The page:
The Internet has been around long enough that the novelty has worn off a bit, but not the usefulness. In the book “The Church and New Media: Blogging Converts, Online Activities, and Bishops who Tweet,” author Brandon Vogt and contributing webheads explain how websites, Facebook and Twitter can be used to strengthen the Church.
Vogt defines New Media as interactive communication, and focuses his attention on websites, blogs and Twitter. All connect people with similar interests and allow them to share their thoughts and opinions with each other.
Each of the book’s four sections takes a look at how new media can be used in one of the missions of the Church – evangelization, formation, community and the common good – and uses the experiences of contributing authors to show how to implement the media.
Father Robert Barron, who leads a ministry called Word on Fire, said the best way to reach out to the 25-year-old unchurched male population is through YouTube. He had received 40,000 comments on his videos over the past three years. He admits that most comments are negative, but that is due to the audience being unchurched. Rather than tuning them out, he engages these people, as it is an avenue for communicating with people who do not attend church.
Likewise, Cardinal Sean O’Malley of the Archdiocese of Boston, uses a blog to reach out beyond his flock. He began to post his thoughts on a web log after visiting Rome for the celebration of Padre Pio. He saw the reactions from readers and decided to make this a weekly part of his ministry. In his forward, Archbishop O’Malley said he met strangers who commented on reading his blog while attending World Youth Day in Sydney. He said it is a great tool for evangelization.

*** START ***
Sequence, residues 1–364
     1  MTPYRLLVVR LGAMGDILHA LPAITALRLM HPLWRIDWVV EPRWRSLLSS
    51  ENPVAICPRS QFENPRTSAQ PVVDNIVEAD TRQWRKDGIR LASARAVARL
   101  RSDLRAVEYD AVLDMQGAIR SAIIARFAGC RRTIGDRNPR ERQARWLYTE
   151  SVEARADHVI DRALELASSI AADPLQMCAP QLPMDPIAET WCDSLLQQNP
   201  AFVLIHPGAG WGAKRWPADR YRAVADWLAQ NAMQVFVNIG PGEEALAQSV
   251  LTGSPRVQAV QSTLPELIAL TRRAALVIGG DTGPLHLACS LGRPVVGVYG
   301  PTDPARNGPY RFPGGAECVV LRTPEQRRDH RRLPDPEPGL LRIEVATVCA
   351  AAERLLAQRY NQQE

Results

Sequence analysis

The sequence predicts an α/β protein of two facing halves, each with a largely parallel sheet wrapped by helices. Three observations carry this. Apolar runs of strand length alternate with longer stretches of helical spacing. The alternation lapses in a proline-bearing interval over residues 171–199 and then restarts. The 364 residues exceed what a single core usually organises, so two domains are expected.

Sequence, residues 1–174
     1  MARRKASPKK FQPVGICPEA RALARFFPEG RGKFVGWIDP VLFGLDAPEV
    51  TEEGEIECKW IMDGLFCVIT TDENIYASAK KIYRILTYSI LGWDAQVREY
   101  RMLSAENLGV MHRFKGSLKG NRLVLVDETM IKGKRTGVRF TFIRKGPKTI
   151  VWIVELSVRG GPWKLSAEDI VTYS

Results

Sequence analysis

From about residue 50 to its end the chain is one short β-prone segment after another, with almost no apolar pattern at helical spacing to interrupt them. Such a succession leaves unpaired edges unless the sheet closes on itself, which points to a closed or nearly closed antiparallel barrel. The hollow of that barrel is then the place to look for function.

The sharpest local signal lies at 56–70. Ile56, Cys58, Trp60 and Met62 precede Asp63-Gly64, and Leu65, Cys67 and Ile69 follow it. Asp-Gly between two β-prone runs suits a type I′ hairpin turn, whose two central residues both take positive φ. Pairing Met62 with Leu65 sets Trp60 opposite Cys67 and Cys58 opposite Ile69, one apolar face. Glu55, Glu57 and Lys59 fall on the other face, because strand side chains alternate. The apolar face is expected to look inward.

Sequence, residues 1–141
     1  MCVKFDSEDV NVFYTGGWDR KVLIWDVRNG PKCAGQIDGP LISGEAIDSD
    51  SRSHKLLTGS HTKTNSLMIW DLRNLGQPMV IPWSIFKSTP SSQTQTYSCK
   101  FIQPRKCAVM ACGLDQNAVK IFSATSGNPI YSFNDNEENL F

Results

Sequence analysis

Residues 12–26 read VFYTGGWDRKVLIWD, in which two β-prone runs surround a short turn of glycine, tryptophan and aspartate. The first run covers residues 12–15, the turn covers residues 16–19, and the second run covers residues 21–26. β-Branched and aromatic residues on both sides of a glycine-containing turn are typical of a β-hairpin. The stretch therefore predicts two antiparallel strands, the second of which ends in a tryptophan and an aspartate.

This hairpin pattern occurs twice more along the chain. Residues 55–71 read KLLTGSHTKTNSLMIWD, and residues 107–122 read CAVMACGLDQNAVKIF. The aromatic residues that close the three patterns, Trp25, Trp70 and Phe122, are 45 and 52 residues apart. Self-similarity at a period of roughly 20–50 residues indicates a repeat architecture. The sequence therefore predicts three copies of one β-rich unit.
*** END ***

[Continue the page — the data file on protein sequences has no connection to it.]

A Texas A&M grad tells of reaching out to young adults, offering advice like forget email and stick to Facebook, the preferred method of communication for 20somethings. Flocknotes and eCatholicChurches.com offer ways to make communication in the digital age easier.
The book makes a good case for jumping on the digital bandwagon and offers good advice about what to post and pitfalls to avoid. It sometimes seems repetitive, but will prove to be a solid guide.
“The Church and New Media: Blogging Converts, Online Activities, and Bishops who Tweet,” by Brandon Vogt, published by Our Sunday Visitor, is available from the Catholic Union Store, 795 Main St., in downtown Buffalo.
Classic stage production comes to diocese
Hilbert College hosts first social media conference